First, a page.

WILL: They’re wildly different worlds; they’re wildly different environments - honestly the biggest difference was being outside of the United States while shooting. We shot in Hungary for the most part, and I was the only American in the cast, so that was odd, and it was really intense. That took some getting used to. But also the world itself is just incredibly dark, and also bright, and I think more than anything, I just really wanted to depart as much as I could from playing Chidi. I share a lot of characteristics with Chidi, but that’s not who I am in my everyday life, so I really wanted to explore some other parts of myself. So that was fun getting to do that a little bit, and not trying to sell any jokes, not trying to make sure that I’m endearing to anybody. It was nice to have that responsibility be lifted from me, and just exist and react in the world that we created, which was incredibly unique and strange. So that was the biggest thing, being the only American, and moving away from this character that I have spent so much time with.

CDM: Did you learn any more Hungarian than the words for “fruit”, “no”, “scone” and “everybody back to one please!”?
WILL: No, that’s all I got! That’s exactly what I have. Where did you hear that?!
CDM: I think you tweeted about it a while ago.
WILL: Okay. <laughs> Although whenever I said, “Everybody back to one please,” two other Hungarians looked at me quizzically, they were like, "That makes no sense, what are you saying?" I was like, "I hear it every day!" So I would say it slowly and they were like, "Oh, I know what you mean."

CDM: Were you a fan of Ari Aster’s films prior to signing up for ‘Midsommar’?
WILL: Absolutely. The only thing that I’d seen was ‘Hereditary’, which was automatically one of my top five horror movies ever, and probably one of my top movies ever because I enjoy horror so much. It’s sort of an elevation of the genre a little bit - for me, I just feel like there’s a sense of inevitability that is played in a very real way. It’s a movie about grief, and it’s about mental health, but it’s also about this other-worldly thing where the rules of how to resist it are not clearly written out. People are not accustomed, or ready, and there’s something about seeing a supernatural horror thing happen in a world of people that are reacting to it as they would in real life - it’s real fear, you’re actually very much curious about whether you’re seeing what you’re seeing. There’s something about that which is really unsettling and I think also really satisfying. In each one of those characters, I saw my reaction, like, ‘This is what I would do.’ I love that. At no point was I like, ‘I wouldn’t do that.’ At every point, I was like, ‘I don’t know what I would do. I really don’t know how I would react.’ So that’s the thing, a really interesting knot that he ties the movie into, and I think it’s really fun to try and untie it, and see how it comes back to normal.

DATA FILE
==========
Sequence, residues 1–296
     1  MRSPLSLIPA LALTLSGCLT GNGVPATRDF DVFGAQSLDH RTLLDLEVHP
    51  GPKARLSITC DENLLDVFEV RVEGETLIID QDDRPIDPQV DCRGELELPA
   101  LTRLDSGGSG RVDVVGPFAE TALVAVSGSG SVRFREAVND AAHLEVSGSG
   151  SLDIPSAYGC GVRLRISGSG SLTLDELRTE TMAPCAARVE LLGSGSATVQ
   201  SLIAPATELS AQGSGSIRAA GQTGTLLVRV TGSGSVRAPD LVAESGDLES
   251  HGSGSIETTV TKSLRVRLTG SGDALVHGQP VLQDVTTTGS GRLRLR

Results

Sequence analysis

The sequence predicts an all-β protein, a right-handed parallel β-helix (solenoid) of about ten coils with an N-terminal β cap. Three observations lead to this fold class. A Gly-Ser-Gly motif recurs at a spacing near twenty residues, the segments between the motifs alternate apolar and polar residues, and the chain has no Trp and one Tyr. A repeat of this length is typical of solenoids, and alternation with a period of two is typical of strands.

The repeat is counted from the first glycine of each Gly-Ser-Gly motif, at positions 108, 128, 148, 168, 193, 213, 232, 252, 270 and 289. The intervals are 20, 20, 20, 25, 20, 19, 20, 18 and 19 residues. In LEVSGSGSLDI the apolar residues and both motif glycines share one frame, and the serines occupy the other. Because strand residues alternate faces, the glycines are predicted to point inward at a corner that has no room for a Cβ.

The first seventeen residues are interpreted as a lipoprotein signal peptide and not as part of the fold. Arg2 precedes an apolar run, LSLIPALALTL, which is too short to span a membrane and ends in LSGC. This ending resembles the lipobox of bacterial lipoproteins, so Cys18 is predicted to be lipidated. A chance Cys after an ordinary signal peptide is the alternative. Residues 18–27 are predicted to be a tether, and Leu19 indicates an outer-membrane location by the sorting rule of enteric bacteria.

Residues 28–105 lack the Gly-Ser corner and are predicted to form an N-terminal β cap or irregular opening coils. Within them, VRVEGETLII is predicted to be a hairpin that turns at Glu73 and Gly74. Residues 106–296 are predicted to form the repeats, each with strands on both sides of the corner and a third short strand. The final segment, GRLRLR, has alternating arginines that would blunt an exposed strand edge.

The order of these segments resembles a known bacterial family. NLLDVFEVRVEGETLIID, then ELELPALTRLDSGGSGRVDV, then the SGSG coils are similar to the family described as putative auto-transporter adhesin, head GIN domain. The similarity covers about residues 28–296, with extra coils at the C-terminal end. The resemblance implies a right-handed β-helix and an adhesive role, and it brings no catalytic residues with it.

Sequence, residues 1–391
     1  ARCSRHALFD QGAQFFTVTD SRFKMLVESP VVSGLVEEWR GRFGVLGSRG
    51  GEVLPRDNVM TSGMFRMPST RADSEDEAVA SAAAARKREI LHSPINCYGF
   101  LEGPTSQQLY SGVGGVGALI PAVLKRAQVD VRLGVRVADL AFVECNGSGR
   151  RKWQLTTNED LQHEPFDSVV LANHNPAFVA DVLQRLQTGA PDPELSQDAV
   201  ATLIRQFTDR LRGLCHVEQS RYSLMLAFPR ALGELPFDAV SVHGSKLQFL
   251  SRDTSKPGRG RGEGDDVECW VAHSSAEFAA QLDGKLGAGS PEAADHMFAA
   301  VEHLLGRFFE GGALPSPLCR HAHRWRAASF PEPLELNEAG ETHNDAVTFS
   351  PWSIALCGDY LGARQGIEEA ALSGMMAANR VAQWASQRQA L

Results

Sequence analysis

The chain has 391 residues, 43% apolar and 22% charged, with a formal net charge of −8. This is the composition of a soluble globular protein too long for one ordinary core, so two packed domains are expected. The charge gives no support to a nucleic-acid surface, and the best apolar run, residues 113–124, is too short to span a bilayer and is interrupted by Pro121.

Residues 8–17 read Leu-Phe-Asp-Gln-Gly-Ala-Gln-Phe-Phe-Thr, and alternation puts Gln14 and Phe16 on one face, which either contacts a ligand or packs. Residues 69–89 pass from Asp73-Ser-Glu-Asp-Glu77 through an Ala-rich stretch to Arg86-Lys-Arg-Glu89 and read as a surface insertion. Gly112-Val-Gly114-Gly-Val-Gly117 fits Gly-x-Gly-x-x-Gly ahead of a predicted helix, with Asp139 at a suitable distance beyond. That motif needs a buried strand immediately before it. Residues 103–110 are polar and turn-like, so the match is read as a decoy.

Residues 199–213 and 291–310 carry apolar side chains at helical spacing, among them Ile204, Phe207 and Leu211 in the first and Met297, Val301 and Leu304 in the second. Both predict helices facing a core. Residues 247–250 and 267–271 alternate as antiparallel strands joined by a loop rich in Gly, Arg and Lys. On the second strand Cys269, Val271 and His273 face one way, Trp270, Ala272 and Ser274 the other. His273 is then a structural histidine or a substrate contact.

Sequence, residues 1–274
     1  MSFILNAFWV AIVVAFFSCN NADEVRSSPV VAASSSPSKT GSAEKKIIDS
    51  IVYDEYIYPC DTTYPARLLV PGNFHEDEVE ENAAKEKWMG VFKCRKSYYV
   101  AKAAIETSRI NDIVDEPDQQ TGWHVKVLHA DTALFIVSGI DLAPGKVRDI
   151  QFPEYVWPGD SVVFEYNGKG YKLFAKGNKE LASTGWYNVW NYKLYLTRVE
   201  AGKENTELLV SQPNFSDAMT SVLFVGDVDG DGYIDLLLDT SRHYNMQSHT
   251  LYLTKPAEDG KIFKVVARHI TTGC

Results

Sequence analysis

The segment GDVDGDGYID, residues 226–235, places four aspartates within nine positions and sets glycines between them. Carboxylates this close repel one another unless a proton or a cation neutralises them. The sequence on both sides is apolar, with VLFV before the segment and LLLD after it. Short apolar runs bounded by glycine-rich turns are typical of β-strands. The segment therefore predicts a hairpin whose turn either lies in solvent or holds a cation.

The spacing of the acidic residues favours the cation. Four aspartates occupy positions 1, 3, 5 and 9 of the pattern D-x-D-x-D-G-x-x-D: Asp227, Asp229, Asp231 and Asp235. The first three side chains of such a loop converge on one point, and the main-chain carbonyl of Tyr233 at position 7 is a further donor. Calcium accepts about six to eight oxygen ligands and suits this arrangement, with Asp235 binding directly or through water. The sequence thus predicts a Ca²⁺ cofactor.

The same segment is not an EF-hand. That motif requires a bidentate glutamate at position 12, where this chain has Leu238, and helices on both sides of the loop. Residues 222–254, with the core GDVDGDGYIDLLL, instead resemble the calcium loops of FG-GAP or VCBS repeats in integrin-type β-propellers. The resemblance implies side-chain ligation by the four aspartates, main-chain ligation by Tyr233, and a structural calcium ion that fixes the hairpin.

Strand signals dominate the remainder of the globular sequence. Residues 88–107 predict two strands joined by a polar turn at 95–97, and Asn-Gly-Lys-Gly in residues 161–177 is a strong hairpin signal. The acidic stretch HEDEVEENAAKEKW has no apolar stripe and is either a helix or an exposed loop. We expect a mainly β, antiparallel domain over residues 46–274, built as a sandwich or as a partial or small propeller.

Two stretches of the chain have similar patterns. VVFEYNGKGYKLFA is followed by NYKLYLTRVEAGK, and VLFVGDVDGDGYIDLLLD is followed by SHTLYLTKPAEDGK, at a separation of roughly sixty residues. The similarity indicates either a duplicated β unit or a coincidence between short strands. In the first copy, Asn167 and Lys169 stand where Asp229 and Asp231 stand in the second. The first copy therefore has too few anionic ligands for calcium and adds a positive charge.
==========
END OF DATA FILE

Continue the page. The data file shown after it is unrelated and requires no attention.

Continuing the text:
CDM: You wrote a play ‘Travisville’ which ran at Ensemble Studio Theatre last year. Do you enjoy the writing side of the creative world as well as acting?
WILL: I love writing, but I don’t know that I ever want to do that again. <laughs> It was great, I honestly had a bee in my bonnet about this particular story and this kind of story, so I wanted to destroy the idea of this monolithic point of view that black people supposedly had in the mid to early ‘60s. I really wanted to break that up. So I was really driven when I was writing that, but that was a very particular circumstance. I’ve tried to write things since then, and it’s mostly trash, so I don’t want to show it to anybody. It was really fulfilling to see it out there, but I really have no desire at the moment to jump right back up on that horse again and try to write something else. I need to be particularly driven to do it.

CDM: I saw that last year you went to see 'The Jungle' in Brooklyn - I actually saw it when I was in London last year. Do you think it’s important that stories like this are told through mediums like theatre?
WILL: Yeah, it’s such a great show. I was so affected by it. It was also just so immediate. It’s one of those things, that I think a lot of Americans don't know about it - we didn’t know that this was happening. It feels so incredibly raw that things went down the way that they did. It usually takes a long time for theatre to be made - in the time that you hear about the thing that’s happening that we’re all up in arms about, to the time that it makes it to the stage, it’s been thoroughly workshopped and vetted, it’s a long time. The emotion around it is not as present, but especially for American audiences, and especially for me, it was something I didn’t really know about, so to know that it was happening right now and that this piece of theatre was created to raise awareness about the whole thing, it was amazing. It was the most immediate thing that I think I’ve ever seen in the theatre, it blew my mind.

‘The Good Place’ Season 3 is available now on Netflix - watch the trailer below…